Durham Cathedral has been voted the country's best heritage site by readers of BBC Countryfile magazine. Here are just some of the secrets and stories to be found in the 920-year-old building.
The women's line
Today's visitors can be found scattered around Durham Cathedral, speaking in hushed tones, scurrying after spritely guides or just sitting in the pews gazing upwards at the arched ceiling.
But 500 years ago when it was still a Benedictine monastery, half of them would not have been allowed very far into the hallowed hall.
Women were barred from venturing into the nave by a black line across the floor.
"Women were a distraction to the monks," senior steward Malcolm Stabler said.
"Also, it is said St Cuthbert did not like females, and what he said went."
The rule applied to all women, from the lowliest serf to the highest queen.
In April 1333, King Edward III and his wife Philippa were staying at Durham Castle across the large green from the cathedral.
One evening, the queen went to find her husband who was praying at the high altar.
However, when she crossed the black line the monks asked her to leave.
The king was called and, probably much to the Queen's consternation, sided with the monks.
After 1539 and Henry VIII's dissolution of the monasteries, the women's line ceased to be enforced.
The cathedral's ceiling is supported by rows of giant pillars, as tall as they are around (22ft (6.6m) to be precise), each hollow and decorated with a pattern.
Those closest to the high altar all have a spiral design to swirl the prayers of worshippers up to the heavens.
One pillar, known as the Apprentice's Column, features a near-perfect zig-zag pattern. Near-perfect.
"The story goes the master mason in this section of the monastery in about 1100 went on holiday and left an apprentice in charge," Mr Stabler said.
But the apprentice made a mistake, his fault can be found on the fifth ring up where the pattern starts with a "zag".
"The tale of the apprentice's mistake is a wonderful story, if only it were true," Mr Stabler confessed.
"The true reason that mistake is there is because any building glorified to God had to prove that only God was infallible.
"Man was fallible so he had to make a mistake so that was ours, and it's the only one in the cathedral."
The cathedral is also home to 178 known mason's marks, these being the signatures of the master masons responsible for each section scratched into the stone.
Each mason had his own unique mark, and marks of Durham masons have been found at cathedrals around Europe.
"To be able to say you worked on Durham Cathedral was a real boost for the CV," Mr Stabler said.
Behind the high altar stands the Neville screen, an enormous carving made from French stone which took a team of workmen almost a year to assemble.
As impressive as it is, it is missing 107 pivotal pieces.
"There are 107 plinths and they are all empty," Mr Stabler said.
"During the dissolution of the monasteries, the monks had three days warning that the king's men were coming to take any valuables.
"The screen held 107 figurines made from white alabaster which were very valuable, so the monks took them down and hid them.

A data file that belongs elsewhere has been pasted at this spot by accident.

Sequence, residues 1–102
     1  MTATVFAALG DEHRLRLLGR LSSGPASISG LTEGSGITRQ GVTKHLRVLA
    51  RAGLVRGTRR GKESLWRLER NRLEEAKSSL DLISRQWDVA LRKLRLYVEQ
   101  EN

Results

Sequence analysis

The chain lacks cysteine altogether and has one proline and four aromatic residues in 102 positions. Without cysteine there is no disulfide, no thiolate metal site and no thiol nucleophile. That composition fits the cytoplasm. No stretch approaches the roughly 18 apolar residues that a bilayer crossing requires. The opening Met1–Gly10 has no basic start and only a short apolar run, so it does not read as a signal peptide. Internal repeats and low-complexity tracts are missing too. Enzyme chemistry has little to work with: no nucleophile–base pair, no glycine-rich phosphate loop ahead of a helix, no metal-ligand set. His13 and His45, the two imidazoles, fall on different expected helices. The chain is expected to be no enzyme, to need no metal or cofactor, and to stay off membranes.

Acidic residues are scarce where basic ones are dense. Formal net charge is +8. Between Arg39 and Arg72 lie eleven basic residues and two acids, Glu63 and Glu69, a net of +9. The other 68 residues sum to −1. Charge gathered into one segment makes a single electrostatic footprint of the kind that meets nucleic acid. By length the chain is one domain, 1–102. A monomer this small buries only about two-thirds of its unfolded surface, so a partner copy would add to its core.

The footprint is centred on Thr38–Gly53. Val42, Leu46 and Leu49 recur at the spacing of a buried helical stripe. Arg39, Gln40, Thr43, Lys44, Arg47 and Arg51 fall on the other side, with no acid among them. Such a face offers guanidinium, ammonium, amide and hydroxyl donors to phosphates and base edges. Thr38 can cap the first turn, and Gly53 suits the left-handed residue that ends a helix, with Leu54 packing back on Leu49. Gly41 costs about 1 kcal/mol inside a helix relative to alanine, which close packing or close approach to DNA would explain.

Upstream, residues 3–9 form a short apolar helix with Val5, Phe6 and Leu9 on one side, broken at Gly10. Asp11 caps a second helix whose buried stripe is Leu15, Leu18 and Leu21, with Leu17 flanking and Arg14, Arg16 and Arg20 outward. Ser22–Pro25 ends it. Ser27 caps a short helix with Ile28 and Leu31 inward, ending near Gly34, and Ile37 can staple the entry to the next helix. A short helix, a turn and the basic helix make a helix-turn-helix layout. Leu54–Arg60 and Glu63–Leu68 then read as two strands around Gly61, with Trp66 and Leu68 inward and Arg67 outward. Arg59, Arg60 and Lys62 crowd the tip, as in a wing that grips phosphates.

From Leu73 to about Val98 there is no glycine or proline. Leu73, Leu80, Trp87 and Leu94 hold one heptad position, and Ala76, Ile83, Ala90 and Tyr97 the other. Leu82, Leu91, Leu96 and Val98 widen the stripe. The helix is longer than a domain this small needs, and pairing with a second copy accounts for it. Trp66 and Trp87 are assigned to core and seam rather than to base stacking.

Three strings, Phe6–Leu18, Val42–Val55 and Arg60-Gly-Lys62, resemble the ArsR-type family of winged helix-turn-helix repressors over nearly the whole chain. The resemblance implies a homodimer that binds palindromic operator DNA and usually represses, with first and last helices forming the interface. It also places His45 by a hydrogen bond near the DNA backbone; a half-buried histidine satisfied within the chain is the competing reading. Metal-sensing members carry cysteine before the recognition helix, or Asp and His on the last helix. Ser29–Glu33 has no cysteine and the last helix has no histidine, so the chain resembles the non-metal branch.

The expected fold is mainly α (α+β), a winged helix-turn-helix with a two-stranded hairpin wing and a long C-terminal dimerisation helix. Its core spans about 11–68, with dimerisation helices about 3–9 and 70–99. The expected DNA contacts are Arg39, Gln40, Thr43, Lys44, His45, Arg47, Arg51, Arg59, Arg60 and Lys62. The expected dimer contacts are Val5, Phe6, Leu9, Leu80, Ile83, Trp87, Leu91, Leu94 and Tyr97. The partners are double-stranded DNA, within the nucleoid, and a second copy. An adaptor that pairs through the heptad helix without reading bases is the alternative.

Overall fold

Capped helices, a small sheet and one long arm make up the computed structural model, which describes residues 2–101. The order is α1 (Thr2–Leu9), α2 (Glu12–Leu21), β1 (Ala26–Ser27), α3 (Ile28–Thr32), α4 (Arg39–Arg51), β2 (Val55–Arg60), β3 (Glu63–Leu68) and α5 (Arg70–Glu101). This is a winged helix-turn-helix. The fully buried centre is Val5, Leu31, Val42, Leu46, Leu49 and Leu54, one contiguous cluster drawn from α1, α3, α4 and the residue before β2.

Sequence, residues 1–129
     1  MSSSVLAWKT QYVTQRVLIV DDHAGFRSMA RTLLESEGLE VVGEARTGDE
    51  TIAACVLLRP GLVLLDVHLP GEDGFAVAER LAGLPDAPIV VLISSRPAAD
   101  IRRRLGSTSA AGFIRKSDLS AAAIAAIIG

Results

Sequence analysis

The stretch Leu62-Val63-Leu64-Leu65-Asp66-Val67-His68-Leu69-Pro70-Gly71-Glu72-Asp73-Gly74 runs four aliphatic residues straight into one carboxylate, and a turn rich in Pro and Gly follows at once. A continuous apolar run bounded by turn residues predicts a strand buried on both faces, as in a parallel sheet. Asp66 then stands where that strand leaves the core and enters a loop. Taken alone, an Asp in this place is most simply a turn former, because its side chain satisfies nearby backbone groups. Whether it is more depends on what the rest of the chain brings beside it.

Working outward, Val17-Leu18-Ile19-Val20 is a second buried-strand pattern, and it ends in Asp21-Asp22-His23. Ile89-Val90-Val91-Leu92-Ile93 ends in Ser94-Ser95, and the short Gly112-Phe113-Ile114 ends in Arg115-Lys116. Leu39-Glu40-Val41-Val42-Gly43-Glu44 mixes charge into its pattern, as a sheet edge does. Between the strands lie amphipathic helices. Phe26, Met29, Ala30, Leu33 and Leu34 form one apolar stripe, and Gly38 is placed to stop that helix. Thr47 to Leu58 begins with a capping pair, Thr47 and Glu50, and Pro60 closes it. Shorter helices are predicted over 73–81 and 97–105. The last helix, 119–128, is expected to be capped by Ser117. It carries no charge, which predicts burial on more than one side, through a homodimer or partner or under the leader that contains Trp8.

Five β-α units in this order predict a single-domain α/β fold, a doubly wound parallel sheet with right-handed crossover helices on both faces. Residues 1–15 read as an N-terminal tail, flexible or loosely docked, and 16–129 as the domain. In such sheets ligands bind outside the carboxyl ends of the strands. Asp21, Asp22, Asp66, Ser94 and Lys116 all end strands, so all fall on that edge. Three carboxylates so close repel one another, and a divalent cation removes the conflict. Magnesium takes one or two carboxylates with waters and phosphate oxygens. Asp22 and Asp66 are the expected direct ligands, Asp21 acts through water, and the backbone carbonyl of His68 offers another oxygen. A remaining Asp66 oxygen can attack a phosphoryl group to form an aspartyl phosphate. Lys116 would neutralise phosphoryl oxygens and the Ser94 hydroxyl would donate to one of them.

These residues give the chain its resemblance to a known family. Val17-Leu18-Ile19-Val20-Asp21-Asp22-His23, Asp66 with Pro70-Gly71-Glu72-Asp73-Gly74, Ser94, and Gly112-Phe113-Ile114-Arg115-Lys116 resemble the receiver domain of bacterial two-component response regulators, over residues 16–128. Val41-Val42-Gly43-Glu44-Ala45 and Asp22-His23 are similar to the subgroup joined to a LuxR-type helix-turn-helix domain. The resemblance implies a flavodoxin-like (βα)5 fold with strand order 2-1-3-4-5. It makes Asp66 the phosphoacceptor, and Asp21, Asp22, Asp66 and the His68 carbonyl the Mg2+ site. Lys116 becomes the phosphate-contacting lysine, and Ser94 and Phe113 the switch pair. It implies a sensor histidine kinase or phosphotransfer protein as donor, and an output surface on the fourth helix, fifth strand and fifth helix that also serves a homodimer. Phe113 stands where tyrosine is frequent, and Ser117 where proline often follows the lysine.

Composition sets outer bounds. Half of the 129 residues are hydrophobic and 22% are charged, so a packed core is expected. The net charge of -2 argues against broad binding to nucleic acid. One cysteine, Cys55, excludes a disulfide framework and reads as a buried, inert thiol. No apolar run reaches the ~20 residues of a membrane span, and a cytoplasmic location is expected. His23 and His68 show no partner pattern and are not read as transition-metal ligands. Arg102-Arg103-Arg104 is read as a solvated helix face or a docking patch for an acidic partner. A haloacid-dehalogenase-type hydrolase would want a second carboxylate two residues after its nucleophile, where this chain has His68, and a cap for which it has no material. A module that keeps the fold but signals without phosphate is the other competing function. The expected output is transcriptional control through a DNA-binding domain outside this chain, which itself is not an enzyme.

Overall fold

"Unfortunately, no-one knows what happened to them.
"The sad truth is that even had they somehow survived in a crate somewhere, they would instantly turn to dust if the box were opened. They probably are lost forever."
Because the cathedral was built as a monument to the revered St Cuthbert, for a long time nobody else was allowed to be buried there.
But in the 14th Century the rules were relaxed for the Neville family of Raby Castle in Staindrop, 19 miles south-west of Durham.
The Nevilles were great benefactors of the cathedral and donated the Neville screen.
The tomb of Ralph Neville is surrounded by figures known as weepers, said by some to represent Ralph's 19 children.
All are facing outwards apart from one.
"Ralph had one son he really didn't like," Mr Stabler said.
"Before he died he gave orders that the figurine of the family's black sheep face the wrong way.
"It's a nice little story but in truth it might be the figure is the family's vicar in prayer for the departed Ralph."
One other tomb of note is the ornate affair of Bishop Hatfield.
"The bishop was great friends with King Edward III and the pair had fought together at the Battle of Crecy in 1346," Mr Stabler said.
"He asked the king if he could use the king's coat of arms and a depiction of the royal face on his tomb, eventually the king agreed.
"Bishop Hatfield's tomb is the only non-royal tomb that has a royal likeness and coat of arms on it."
Between September 1650 and March 1651, Durham Cathedral became a prison for 2,500 Scots defeated by Oliver Cromwell's forces at Dunbar.
The prisoners, whose ultimate fate was to be sent to America as slaves, were told they could burn anything wooden inside the cathedral to keep themselves warm.
But no matter how cold they were, they never touched the large wooden clock standing in the southern side of the main transept near the Apprentice's Column.
"Engraved on to the clock is a thistle, the national symbol of Scotland, which the soldiers respected too much to destroy," Mr Stabler said.
"It's a nice story, but the truth is if you were locked in here day and night, why would you destroy the one thing that kept you in touch with the time and date?"
For a cathedral to be a cathedral, it must have a cathedra, a bishop's throne.
And Durham's is bigger than the rest.
"One morning Bishop Hatfield asked some of his monks to go to the Vatican and measure the height of the Pope's throne," Mr Stabler said.
"When they came back he told them to make his throne one inch higher as he wanted the highest throne in Christendom.
"Durham's is still the highest throne in Christendom.
"You learn something new every day here."